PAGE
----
Cactus regulars on Friday will sing an array of hits made famous by Willie Nelson and the late Waylon Jennings. Reserved seats are $20 for the main floor and traditional balcony seating, with the extended balcony box seats priced at $40 and including all concessions.

Sunday finds the spotlight shared by Foster and Smith, who, between them both, have released more than two-dozen albums, written hundreds of songs and played thousands of shows. They met and became friends in the late 1980s and, since then, have maintained a shared love for two things: songs and stories. Well, and also love for family, good food jokes and an occasional glass of top-shelf bourbon.

Each also became a published author. Foster wrote “For You to See the Stars,” and Smith wrote “The Habit of Noticing: Using Creativity to Make a Life (and a Living).” Both reflect their heritage as Texas storytellers and a shared ability to connect via a deeper meaning behind everyday life.

This evening finds the two entertainers sharing songs on stage, reading selections from their books, telling individual stories and doing their best to help the audience smile, sing along, laugh or cry.

Reserved seats are $25 for the main floor and traditional balcony seating, with the extended balcony box seats priced at $40 and including all concessions.

The Cactus Theater does not permit exchanges, refunds or credit for future shows in exchange for unused tickets. Call 762-3233 for advance ticket purchases.

Jimmy Wayne and Cindy Hughlett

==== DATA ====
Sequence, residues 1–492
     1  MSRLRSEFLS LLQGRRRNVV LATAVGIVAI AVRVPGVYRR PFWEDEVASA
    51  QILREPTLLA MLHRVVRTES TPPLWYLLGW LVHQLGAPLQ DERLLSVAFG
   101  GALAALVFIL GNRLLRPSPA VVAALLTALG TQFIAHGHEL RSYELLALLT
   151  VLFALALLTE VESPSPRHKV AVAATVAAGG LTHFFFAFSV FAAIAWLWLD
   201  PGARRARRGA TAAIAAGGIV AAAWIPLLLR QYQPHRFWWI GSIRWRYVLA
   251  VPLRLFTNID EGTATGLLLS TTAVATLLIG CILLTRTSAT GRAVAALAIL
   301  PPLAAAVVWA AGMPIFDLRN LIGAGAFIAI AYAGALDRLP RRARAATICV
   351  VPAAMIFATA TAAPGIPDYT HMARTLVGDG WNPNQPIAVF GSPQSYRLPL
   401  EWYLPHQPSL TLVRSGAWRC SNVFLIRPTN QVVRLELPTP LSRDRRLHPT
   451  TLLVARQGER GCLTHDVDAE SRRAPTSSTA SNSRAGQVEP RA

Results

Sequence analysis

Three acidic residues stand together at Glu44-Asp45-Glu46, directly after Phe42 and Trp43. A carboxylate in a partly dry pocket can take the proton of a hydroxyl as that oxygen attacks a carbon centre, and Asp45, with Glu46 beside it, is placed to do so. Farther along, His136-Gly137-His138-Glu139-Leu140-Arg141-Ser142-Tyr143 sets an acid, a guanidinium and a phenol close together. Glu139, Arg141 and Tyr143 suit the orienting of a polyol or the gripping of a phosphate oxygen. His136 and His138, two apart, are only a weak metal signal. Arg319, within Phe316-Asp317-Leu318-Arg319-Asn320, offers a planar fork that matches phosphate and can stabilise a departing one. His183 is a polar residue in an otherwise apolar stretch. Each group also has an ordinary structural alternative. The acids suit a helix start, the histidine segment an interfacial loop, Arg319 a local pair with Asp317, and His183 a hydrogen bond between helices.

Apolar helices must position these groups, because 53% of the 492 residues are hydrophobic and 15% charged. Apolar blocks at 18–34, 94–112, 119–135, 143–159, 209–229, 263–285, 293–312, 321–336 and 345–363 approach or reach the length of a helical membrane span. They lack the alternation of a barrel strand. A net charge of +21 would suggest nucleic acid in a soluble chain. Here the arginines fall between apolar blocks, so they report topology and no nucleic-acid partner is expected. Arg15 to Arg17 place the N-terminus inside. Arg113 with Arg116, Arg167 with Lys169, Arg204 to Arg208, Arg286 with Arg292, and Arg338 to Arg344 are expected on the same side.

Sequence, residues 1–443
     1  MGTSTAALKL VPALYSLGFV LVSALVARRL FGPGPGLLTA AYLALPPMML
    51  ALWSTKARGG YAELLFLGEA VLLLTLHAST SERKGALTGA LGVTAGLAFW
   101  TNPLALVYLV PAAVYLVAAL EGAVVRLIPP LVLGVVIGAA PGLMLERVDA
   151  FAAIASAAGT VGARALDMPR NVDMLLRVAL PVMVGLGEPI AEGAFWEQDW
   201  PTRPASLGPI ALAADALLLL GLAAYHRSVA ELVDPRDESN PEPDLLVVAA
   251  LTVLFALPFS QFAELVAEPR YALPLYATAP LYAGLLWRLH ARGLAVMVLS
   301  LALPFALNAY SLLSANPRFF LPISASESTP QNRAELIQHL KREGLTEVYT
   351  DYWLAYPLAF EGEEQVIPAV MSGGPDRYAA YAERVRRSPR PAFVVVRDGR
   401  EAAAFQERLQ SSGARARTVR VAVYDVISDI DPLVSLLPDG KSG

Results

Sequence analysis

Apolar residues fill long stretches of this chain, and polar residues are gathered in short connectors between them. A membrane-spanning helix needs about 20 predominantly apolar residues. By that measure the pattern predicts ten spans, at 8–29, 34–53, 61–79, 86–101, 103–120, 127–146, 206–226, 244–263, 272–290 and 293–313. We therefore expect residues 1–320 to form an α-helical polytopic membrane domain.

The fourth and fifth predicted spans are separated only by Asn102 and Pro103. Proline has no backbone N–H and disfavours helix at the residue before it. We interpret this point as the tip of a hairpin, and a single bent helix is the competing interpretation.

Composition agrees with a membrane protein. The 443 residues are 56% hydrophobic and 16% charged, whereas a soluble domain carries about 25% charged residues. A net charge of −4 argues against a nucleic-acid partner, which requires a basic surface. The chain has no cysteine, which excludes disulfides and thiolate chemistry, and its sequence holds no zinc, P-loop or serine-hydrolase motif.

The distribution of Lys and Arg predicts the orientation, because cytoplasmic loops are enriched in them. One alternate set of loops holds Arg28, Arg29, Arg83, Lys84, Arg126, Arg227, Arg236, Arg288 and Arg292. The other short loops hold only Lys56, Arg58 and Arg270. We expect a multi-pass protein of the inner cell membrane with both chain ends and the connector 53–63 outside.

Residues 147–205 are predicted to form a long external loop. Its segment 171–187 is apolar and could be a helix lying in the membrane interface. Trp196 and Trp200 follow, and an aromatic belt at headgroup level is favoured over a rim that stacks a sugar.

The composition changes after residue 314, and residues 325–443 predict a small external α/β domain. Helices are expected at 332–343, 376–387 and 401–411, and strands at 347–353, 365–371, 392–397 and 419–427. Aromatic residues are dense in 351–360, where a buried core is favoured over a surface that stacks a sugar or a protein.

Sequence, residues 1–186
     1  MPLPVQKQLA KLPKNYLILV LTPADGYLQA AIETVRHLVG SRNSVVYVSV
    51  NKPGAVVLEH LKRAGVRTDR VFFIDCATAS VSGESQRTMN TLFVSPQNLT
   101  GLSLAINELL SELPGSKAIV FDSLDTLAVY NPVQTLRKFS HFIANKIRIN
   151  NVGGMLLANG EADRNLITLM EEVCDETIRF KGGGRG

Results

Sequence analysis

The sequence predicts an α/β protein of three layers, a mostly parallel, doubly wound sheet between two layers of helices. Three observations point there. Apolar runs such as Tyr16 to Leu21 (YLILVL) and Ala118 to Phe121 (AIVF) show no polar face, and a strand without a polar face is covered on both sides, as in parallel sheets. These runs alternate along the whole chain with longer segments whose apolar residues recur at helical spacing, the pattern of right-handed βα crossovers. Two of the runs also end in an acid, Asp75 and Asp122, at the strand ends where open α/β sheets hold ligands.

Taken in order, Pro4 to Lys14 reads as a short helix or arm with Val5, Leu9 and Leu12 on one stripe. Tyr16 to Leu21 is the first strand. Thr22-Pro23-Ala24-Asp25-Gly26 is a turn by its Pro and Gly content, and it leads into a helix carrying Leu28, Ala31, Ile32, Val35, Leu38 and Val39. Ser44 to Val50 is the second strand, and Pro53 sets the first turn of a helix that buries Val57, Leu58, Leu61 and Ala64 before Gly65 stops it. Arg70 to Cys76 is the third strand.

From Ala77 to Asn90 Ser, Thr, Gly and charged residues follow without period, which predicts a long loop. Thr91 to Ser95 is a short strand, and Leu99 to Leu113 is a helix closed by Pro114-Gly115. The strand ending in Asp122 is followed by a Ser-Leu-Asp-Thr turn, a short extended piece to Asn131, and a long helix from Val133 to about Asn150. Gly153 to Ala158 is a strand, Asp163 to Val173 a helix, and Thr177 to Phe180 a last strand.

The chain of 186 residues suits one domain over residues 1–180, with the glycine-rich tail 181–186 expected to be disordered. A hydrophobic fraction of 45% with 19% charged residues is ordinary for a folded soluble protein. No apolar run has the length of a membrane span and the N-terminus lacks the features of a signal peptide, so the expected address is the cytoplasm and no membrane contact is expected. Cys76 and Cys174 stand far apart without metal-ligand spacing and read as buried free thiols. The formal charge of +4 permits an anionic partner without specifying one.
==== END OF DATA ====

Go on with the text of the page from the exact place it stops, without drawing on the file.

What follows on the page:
Every summer Cindy Hughlett’s Music Ministry brings a well-known country music headliner to Lubbock and then donates 100 percent of ticket sales – down to the last penny – to the Texas Boys Ranch.

This year’s show takes place at 7 p.m. Saturday at the Lubbock Memorial Civic Center Theatre, 1501 Mac Davis Lane and will feature country music artist and best-selling author Jimmy Wayne. General admission tickets are $10 in advance at all Select-A-Seat outlets, and also $10 at the door.

Hughlett will open the show.

Wayne will entertain with his music and also share an inspirational story about being abandoned and brought up in the foster care system before becoming an award-winning country recording artist.

Hughlett’s hits include “Stay Gone,” “Paper Angels,” “I Love You This Much” and “Sara Smile,” the latter with legendary Daryl Hall & John Oates. She has toured with Brad Paisley, performed 221 times on the Grand Ole Opry and earned BMI’s Million-Air-Award with the song “Do You Believe Me Now?”

Wayne became a best-selling author three times with his books “Walk to Beautiful,” “Ruby the Foster Dog” and “Paper Angels.” In 2016, Wayne received the prestigious Presidential Gold Medal “Point Of Light” award, given for his volunteer service.

In January 2010, Wayne set out on a solo hike of 1,660 miles from Nashville to Phoenix to raise awareness about homeless youths, specifically children aging out of the foster system. Called the “Meet Me Halfway” campaign, he walked 25 miles per day, only coming off the walk for scheduled concerts and to go to the California State Capitol to speak in favor of a bill that would increase the age kids age out of the foster system from 18 to 21.

He arrived in Phoenix on Aug. 1 after suffering a broken foot four days prior to that.